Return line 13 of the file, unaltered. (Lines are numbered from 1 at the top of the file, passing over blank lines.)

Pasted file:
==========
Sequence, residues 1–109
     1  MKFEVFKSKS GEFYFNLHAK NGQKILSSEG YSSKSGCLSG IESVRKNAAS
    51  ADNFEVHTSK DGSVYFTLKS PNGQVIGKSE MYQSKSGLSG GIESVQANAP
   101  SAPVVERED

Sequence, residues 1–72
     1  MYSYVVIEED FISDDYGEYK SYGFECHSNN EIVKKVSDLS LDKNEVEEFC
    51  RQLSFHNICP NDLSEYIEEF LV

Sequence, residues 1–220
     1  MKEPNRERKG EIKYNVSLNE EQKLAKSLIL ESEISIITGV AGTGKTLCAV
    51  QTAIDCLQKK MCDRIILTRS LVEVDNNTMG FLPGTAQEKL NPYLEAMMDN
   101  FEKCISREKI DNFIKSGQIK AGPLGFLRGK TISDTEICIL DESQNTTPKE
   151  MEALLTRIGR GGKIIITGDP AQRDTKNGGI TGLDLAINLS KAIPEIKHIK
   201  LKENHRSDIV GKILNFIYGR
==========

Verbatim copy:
   201  LKENHRSDIV GKILNFIYGR